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Gapers Block published from April 22, 2003 to Jan. 1, 2016. The site will remain up in archive form. Please visit Third Coast Review, a new site by several GB alumni.
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Saturday, December 2

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« The second running of the Lincoln Square Thaiathlon I Would Dye 4 U »

News Sun Mar 25 2007

Airport Woes

I read this article in last Saturday's Tribune with great enthusiasm. Author Sandra Jones lamented the absence of local businesses from the Mag Mile area, and that mega-retailers like H&M, Nike and Gap, who currently have prominent spaces on Michigan Avenue, are "more interested in building their brands than building local character." I couldn't have agreed with Ms. Jones more, having just returned from a the Memphis airport, where I ate the best barbecue in years while waiting for my flight home.

No one expects airport food to be delicious or affordable. In this security-conscious era, however, the days of sneaking in an apple and a bottle of water in your backpack to tide you over until you reach your final destination are very over. The traveler who doesn't pack in a five-course meal before heading to the airport is in for a flavorless $14 turkey sandwich at a sports-themed bar located in Terminal 5. Tragic.

So this past weekend, I was waiting out a ninety-minute layover at Memphis International Airport. While figuring out where my flight to Chicago was departing, the strong, sweet aroma of barbecue sauce smacked me in the face. I followed the scent to an outlet of Jim Neely's Interstate Barbecue, a well-regarded barbecue restaurant based in Memphis.

The place was packed, so I went to a separate takeout window located at the end of the restaurant, which was also packed with travelers and airline staff waiting for food. I ate a chipped pork sandwich that was so great that I barely remembered the plane ride back to O'Hare, I was so drowned in barbecue goodness.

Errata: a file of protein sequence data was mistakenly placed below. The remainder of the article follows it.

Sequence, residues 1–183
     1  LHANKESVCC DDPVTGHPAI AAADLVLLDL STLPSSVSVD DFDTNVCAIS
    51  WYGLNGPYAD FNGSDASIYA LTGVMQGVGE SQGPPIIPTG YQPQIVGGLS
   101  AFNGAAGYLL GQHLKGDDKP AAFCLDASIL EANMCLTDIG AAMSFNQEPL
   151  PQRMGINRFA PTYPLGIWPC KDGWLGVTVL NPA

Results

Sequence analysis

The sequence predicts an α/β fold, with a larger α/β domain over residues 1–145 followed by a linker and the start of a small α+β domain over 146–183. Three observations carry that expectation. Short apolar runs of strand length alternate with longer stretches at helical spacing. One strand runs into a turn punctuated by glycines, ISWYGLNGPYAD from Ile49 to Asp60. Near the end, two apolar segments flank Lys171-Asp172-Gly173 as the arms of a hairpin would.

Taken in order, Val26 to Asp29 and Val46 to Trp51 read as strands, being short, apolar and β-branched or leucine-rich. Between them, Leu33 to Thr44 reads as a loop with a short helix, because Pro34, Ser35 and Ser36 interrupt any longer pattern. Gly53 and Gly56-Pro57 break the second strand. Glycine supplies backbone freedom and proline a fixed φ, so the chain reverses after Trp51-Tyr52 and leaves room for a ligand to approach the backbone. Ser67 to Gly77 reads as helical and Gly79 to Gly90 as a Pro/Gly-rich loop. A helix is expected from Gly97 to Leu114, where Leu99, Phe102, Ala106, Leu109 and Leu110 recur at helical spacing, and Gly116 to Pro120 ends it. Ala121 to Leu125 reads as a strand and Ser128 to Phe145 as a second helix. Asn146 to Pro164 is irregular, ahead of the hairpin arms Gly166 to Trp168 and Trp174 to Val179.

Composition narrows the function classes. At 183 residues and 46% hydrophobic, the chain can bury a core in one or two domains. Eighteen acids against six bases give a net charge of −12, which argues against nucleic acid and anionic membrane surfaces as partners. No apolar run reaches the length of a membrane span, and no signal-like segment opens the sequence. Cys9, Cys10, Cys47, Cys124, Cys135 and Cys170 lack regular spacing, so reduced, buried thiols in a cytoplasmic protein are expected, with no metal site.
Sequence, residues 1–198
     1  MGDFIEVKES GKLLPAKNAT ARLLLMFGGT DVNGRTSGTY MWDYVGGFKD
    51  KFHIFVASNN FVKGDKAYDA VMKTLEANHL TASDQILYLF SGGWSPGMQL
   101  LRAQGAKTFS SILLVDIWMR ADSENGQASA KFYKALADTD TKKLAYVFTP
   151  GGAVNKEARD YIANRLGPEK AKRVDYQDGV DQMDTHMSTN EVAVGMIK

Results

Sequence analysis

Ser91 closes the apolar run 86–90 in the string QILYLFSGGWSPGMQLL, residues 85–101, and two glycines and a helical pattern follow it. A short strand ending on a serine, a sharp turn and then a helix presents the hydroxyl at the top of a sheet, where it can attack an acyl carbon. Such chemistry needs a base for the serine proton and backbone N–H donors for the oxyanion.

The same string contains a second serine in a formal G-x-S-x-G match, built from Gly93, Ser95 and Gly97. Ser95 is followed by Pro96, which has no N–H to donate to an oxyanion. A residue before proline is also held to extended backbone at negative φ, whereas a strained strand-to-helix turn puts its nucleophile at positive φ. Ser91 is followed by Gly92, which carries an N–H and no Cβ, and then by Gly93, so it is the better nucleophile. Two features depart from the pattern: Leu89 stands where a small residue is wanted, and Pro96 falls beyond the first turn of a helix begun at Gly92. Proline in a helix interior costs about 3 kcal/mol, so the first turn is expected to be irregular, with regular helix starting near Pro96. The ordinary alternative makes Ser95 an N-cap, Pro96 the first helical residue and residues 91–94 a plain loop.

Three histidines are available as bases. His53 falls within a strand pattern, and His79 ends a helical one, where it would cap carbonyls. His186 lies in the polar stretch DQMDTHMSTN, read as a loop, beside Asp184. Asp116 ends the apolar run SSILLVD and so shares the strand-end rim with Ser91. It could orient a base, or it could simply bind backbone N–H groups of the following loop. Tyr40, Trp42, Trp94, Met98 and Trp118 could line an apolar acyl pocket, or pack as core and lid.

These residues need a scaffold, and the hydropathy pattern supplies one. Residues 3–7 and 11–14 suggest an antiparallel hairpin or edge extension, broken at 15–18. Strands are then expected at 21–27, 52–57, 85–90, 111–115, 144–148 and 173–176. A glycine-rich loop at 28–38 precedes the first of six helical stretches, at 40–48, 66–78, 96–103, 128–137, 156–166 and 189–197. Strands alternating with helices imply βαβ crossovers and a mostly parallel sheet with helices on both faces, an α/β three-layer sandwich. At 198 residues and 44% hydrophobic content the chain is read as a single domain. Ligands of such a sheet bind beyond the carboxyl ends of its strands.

When we landed at O'Hare, the buzz wore off as I walked down the terminal towards baggage claim. I saw every chain restaurant ever made lining the hallways of the airport.

According to my research, O'Hare houses a small group of local restaurants (e.g. Billy Goat, Lou Mitchell's) sprinkled among the larger food stalls, however, I would have had to walk the airport equivalent of three time zones to find them. For an airport that reportedly had 76 million visitors in 2006, you would think that the PR-hungry city would place more local flavor in its hallways, especially given the competition for the 2016 Olympics. In comparison, Midway Airport's array of local food offerings (Lalo's, Nuts on Clark) makes them look like a Benetton ad.

In the end, a tourist may be spending a short time in O'Hare as they go from one terminal to another, but if we're starting to complain that Michigan Avenue has become a desert of local culture, perhaps we should start branding an image of the real Chicago when the plane lands.

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Feature Thu Dec 31 2015

The State of Food Writing

By Brandy Gonsoulin

In 2009, food blogging, social media and Yelp were gaining popularity, and America's revered gastronomic magazine Gourmet shuttered after 68 years in business. Former Cook's Illustrated editor-in-chief Chris Kimball followed with an editorial, stating that "The shuttering of Gourmet reminds...
Read this feature »

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